In place of death there was light.

I am preparing myself to draw my mother’s “death mask” from the photo my son took after she passed on November 8, 2008.

I have been preparing for awhile.

I know the process will be an important and necessary one for me personally.  I think about it often.  It’s not about needing to work on something unfinished.  It’s about not shying away from the processes of life.  I don’t want to shy away!

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I have just needed to feel the time was right.  I have had to gain some space and maturity and to heal in order to be able to revisit my mother’s “death mask.”  To explore, in full truth, my profound relationship with her.

Our final year together was the “start” of a deeper more authentic connection.  We had always been so close, but there had always been a layer of deference and fear on my part, and fragility and depression and loss on her part that did not allow us to speak deeply with words.  But that final year was different.  We spoke of our love of each other, our love of family and homemaking and caregiving, our love of history and crime stories and our mutual love of hibernation and desire for autonomy and adventure.

There is a lot I want to write about my relationship with my mother.  I want to explore my old diaries and I want to view it all with these new mature eyes.  But I pick up a journal and read an excerpt and there is such pain there.

With time and healing, I am slowly able to open the pages more gently without being thrown into an existential crisis.

Grief is work!

Exploring the journals is an essential piece in my work on Molly as my story and her story intertwines.  But words aren’t flowing just yet around the relationship with Mom.  There have been starts and stops.  I suppose Mom is not ready.  But I KNOW she wants me to tell it.  We “talk” about it often.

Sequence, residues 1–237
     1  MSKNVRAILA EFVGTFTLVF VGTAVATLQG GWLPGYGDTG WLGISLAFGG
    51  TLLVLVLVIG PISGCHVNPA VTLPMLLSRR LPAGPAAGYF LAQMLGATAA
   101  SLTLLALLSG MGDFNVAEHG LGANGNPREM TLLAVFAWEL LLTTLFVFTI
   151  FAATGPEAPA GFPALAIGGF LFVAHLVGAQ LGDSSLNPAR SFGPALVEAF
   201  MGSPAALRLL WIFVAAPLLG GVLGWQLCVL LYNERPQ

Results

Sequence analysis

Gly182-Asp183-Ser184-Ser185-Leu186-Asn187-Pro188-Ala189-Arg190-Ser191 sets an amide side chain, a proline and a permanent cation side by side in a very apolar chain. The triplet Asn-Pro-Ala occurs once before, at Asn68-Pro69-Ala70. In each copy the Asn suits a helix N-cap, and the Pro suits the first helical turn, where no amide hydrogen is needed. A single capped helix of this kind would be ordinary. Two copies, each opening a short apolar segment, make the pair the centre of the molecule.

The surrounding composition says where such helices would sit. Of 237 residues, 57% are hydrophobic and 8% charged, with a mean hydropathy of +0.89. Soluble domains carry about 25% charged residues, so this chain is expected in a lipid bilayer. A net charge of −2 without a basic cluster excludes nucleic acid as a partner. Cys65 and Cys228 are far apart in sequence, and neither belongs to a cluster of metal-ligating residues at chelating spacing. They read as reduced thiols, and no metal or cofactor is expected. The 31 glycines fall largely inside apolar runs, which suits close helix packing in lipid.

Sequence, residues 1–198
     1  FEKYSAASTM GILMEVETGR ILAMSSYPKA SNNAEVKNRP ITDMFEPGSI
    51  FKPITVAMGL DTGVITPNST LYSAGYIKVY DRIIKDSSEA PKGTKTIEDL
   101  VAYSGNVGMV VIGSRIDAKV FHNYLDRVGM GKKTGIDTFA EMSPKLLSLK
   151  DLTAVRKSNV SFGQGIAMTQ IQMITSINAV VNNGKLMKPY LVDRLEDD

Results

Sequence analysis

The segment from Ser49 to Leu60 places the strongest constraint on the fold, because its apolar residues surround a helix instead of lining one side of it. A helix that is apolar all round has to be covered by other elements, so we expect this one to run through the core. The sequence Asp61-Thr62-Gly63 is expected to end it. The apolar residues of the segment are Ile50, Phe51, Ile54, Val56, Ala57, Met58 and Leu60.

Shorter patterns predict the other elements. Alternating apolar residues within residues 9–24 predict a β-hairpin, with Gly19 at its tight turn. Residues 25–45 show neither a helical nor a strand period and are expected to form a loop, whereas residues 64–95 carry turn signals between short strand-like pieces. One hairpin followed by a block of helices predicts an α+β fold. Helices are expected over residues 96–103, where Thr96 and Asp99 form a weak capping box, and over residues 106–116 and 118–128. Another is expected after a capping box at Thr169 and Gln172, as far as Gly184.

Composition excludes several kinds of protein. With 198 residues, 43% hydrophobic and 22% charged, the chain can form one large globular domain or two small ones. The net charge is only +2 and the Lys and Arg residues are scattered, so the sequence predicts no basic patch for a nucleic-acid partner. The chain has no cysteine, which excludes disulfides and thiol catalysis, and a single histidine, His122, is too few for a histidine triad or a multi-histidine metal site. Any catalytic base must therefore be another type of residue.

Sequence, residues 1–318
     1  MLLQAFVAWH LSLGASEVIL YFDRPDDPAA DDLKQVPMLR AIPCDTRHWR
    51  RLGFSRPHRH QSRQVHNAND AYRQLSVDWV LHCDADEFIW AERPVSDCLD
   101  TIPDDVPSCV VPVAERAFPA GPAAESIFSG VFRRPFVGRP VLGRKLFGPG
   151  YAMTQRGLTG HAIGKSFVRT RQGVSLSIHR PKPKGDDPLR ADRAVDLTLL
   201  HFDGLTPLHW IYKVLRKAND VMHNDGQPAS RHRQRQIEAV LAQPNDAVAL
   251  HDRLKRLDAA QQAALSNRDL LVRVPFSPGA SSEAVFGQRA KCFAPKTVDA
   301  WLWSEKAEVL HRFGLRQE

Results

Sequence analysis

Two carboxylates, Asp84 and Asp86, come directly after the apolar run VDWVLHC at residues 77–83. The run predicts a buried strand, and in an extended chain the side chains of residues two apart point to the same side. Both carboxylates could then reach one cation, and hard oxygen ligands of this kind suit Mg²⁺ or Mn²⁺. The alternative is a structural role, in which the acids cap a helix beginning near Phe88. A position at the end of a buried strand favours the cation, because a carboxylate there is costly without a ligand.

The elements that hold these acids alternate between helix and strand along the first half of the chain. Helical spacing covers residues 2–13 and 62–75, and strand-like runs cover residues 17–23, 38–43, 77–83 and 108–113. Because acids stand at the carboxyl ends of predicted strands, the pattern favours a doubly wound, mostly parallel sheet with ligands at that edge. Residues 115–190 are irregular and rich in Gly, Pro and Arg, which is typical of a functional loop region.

Whatever the truth is, to speak it is a great adventure. – Louise Glück

As I explore and prep to draw Mom’s “death mask,” I am inspired by the work of Sue Coe:

The Last 11 Days is a group of charcoal drawings Sue Coe created from July 20 to 31, 1995 depicting her mother as she lay dying with cancer. The drawings reveal Coe’s private struggle with her mother’s illness and eventual death. [source]

 

From: BROAD STROKES

Unlike her other work, The Last 11 Days were created without the intention of being shown and reveal Coe’s private struggle with her mother’s illness and eventual death. Sue Coe is inspiring in every form, supporting issues that plague the world and refusing to sit quietly in their wake. She continues to be a magnetic force in the complex world of contemporary women artists.

 

Memory:

On a visit to SFMOMA in 2011, my daughter stated that sees her “Mormor” in this portrait by Matisse .  We often talk about how Mormor flew right down to Anna in San Francisco when she left her body.

The Girl with Green Eyes, 1908
Henri Matisse

And so, today I will dig through my files and try to find the photo I hid away deep in my computer in an obscure file.  Once found, I will sit with paper in place and china marker in hand wait to see if mom lets me know if it is time.

In place of death there was light. – Leo Tolstoy

And in place of death there is love.  And mom’s laugh.  And more and more love.

Mom’s parrot, Asterix, lives with me now. I love when he does her GIGANTIC belly laugh and answers the phone in her Swedish accent.

Weekly artist series: Week 9 Part 3 of 3 SUE COE: Portrait of Truth. Who do you celebrate? I celebrate Sabrina.

Week 9 Part 3 Sue Coe

What draws me to Sue Coe’s work is the freedom in her truth telling.  Her technique reflects the message and there is an ease to how she produces her work while at the same time she hammers her message home.  She is her art.

From Americans Who Tell the Truth, Portraits by Robert Shetterly

We despair for the fate of animals, the senseless cruelties inflicted upon them by our species, their and our own helplessness in the face of mass slaughter — all this is true. And if we could really see what we have done to the earth, we would go mad.

Alongside that is yet another truth: there is a palpable goodness all around us, even in the most terrible times, that all things point to, like the north star. – SUE COE, Dead Meat